• The rappelling Axel may then seek out regions to research on its own, securely navigate slopes and rough barriers, and return to dock with its other half before traveling to a new location. 
    • Although the rover does not yet have a mission, essential technologies are being developed that might one day assist mankind in exploring the solar system's stony planets and moons.

    DuAxel is a development of the Axel system, a flexible series of single-axle rovers meant to traverse high-risk terrain on planetary surfaces, such as steep slopes, boulder fields, and caverns — locations that existing rovers, such as Mars Curiosity, would find difficult or impossible to approach. 

    DuAxel's Advantages:

    To cover greater distances, two connected Axel Rovers are used: 

    • DuAxel travels large distances by connecting two Axel rovers. 
    • They divide in two when they approach a steep slope or cliff so that one tied Axel may rappel down the steep danger to reach otherwise inaccessible area while the other works as an anchor at the top of the slope. 

    Tether that can be retracted: 

    • The Axel rover can lower itself down practically any sort of terrain by reeling and unreeling its built-in rope. 

    Greater Maneuverability: 

    • The two-wheeled axle simply spins one of its wheels quicker than the other to turn. 
    • The core cylinder between the wheels houses the sensors, actuators, electronics, power, and payload.

    ~ Jai Krishna Ponnappan

    Find Jai on Twitter | LinkedIn | Instagram

    You may also want to read more about Space Exploration and Space Systems here.

    References & Further Reading:

    JPL Robotics: The Axel Rover System

    Educational Resources:

    Student Project: Design a Robotic Insect.

    Educator Guide: Design a Robotic Insect.

    NASA Asteroid Missions

    Asteroid day is celebrated every day at NASA. We are constantly gazing to the sky, from expeditions to asteroids in our solar system – some of which even return samples to Earth – to attempts to locate, track, and monitor near-Earth objects and safeguard our planet from possible impact dangers.

    Several ambitious missions to investigate unusual asteroids will be launched in the coming years.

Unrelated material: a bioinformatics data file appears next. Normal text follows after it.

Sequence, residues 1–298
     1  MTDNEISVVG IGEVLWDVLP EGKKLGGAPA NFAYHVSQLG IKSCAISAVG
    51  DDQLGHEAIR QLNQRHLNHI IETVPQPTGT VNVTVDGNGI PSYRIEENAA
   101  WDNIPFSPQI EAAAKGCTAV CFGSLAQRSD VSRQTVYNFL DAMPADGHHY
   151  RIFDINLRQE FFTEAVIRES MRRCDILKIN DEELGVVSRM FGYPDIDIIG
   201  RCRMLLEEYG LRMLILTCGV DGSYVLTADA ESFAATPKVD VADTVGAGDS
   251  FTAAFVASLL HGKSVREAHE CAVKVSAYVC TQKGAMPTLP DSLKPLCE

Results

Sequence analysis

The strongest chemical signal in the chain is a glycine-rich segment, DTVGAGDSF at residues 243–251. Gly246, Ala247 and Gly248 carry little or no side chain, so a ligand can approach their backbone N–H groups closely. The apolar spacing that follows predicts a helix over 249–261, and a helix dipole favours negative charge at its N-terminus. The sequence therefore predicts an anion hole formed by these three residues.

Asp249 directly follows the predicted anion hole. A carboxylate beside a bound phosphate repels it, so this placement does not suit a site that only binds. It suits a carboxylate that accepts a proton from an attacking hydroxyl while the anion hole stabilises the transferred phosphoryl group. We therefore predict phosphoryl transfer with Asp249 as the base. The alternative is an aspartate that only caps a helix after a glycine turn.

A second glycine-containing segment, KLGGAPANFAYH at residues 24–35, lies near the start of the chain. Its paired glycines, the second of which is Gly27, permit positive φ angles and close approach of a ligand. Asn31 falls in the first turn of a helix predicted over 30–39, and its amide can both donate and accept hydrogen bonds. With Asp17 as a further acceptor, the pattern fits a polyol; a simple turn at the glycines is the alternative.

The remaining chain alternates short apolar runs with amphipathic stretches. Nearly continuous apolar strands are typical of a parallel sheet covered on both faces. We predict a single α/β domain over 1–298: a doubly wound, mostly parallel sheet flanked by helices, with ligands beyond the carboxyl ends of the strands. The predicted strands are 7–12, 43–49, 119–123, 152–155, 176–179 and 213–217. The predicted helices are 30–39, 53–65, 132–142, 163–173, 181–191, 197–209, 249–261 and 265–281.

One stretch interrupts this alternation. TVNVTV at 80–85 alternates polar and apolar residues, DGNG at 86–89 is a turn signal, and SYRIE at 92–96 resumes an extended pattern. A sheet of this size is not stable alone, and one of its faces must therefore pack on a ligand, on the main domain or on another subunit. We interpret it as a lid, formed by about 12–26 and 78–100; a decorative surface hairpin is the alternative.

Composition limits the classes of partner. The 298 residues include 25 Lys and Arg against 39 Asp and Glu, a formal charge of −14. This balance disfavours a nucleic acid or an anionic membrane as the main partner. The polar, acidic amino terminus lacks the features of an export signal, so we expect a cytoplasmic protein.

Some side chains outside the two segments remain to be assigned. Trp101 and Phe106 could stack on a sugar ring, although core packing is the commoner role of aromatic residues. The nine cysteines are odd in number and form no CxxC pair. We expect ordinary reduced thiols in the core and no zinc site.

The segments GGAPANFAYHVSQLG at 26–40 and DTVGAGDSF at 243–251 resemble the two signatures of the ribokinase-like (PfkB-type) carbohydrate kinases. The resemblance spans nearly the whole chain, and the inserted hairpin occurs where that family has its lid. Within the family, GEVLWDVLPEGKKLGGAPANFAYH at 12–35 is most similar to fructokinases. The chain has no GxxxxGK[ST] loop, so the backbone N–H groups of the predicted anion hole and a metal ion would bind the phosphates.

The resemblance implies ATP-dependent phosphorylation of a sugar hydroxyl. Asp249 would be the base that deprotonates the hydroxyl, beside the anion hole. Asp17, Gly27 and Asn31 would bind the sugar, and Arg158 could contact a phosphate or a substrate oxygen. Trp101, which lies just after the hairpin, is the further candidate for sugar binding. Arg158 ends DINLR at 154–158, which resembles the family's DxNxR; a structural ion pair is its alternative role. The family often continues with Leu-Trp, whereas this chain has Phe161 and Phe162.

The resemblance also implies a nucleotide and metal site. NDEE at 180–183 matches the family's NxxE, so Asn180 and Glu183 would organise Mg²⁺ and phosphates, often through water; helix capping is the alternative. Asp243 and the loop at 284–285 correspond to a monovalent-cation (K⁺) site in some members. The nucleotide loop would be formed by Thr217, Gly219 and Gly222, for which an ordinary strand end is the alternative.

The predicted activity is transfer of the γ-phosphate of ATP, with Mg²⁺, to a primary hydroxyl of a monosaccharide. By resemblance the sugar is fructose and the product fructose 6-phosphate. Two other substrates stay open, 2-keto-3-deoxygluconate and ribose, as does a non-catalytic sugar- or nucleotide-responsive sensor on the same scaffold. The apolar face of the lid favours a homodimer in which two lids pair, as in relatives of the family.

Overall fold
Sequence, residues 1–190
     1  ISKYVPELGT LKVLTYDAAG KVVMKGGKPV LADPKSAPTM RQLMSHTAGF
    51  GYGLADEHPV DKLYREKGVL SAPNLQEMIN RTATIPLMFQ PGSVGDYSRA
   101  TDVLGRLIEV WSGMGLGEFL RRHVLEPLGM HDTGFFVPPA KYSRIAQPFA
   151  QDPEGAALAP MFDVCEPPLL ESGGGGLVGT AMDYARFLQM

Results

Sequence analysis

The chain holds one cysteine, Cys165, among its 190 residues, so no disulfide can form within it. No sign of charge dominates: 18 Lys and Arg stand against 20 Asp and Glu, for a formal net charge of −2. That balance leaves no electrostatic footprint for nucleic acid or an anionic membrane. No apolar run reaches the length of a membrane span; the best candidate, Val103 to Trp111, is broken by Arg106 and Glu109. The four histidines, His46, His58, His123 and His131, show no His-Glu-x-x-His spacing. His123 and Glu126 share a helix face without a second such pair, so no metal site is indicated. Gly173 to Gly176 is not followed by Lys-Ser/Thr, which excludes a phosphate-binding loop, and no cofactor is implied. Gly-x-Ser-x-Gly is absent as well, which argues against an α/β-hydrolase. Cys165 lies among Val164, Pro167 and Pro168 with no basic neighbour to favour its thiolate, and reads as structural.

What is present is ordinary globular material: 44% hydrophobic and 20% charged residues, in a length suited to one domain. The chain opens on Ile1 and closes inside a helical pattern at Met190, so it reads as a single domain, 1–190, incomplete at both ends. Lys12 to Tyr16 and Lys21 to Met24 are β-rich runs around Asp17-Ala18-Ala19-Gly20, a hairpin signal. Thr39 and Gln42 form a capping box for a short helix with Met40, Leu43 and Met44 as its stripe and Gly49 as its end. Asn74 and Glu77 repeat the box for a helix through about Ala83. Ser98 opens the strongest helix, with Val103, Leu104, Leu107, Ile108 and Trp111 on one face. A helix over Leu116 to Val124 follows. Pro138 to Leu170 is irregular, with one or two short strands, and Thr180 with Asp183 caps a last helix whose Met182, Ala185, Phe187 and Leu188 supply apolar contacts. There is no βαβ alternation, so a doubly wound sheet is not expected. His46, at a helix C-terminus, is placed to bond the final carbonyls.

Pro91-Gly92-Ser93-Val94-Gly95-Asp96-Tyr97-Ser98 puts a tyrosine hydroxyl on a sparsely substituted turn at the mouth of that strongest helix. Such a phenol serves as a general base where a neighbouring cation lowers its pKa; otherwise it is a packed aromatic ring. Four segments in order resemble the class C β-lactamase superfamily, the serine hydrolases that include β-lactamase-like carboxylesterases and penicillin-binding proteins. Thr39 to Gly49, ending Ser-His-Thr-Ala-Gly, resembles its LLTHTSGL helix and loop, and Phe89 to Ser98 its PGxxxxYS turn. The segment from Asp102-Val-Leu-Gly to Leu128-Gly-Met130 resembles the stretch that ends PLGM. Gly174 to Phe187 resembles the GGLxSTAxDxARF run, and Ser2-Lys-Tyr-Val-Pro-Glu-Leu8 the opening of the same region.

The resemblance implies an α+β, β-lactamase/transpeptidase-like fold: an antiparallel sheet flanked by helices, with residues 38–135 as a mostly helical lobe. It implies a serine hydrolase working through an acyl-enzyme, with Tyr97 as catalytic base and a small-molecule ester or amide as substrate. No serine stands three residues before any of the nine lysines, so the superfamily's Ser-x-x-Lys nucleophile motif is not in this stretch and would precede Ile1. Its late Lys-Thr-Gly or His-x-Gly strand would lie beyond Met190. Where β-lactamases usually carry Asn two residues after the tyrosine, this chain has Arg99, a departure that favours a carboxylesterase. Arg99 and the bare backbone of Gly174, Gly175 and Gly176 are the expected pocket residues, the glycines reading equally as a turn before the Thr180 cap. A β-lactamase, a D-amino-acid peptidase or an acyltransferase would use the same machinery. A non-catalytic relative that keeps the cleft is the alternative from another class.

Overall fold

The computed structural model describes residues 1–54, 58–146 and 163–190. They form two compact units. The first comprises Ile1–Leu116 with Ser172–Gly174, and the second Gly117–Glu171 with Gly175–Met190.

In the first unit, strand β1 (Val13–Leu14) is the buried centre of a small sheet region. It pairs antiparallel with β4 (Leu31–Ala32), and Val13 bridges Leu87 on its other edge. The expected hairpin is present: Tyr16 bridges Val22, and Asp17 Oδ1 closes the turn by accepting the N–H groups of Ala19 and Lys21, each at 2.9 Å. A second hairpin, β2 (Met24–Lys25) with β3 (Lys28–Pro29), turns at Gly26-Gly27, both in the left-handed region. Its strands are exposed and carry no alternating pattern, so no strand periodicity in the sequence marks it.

In October and November 2021 NASA will be launching, 

      • Lucy is the Trojan Asteroids' First Mission
      • These primordial entities may contain crucial insights about the solar system's past, as well as the beginnings of biological stuff on Earth.

      • NASA has entrusted the Double Asteroid Redirection Test (DART) mission to the Johns Hopkins Applied Physics Laboratory (APL), with assistance from several NASA centers including the Jet Propulsion Laboratory (JPL), Goddard Space Flight Center (GSFC), Johnson Space Center (JSC), Glenn Research Center (GRC), and Langley Research Center (LaRC).
      • DART is a planetary defense-driven test of technology aimed at preventing an asteroid from colliding with Earth. DART will be the first time a kinetic impactor will be used to alter an asteroid's velocity in space. 
      • The DART project is now in Phase C, directed by APL and administered by Marshall Space Flight Center for NASA's Planetary Defense Coordination Office and the Science Mission Directorate's Planetary Science Division at NASA Headquarters in Washington, DC, under NASA's Solar System Exploration Program.

    Followed by,

      • The Psyche mission will go to a rare metal asteroid that orbits the Sun between Mars and Jupiter. 
      • The asteroid Psyche is unusual in that it seems to be the exposed nickel-iron core of an early planet, one of our solar system's building components.

      • OSIRIS-REx has arrived at the near-Earth asteroid Bennu and is bringing back a tiny sample for examination. 
      • The mission took off from Cape Canaveral Air Force Station on September 8, 2016. 
      • In 2018, the spacecraft arrived on Bennu, and in 2023, it will return a sample to Earth.

      • It has verified infrared sightings of over 39,100 objects in our solar system to far.
      • From December 2009 to February 2011, NASA's Wide-field Infrared Survey Explorer (WISE) was a NASA infrared-wavelength astronomical space telescope. 
      • The spacecraft was revived in September 2013, renamed NEOWISE, and given a new mission: to help NASA in identifying and characterizing the population of near-Earth objects (NEO).

    You may also want to read more about Space Missions and Systems here.

    What Is Artificial General Intelligence?

    Artificial General Intelligence (AGI) is defined as the software representation of generalized human cognitive capacities that enables the ...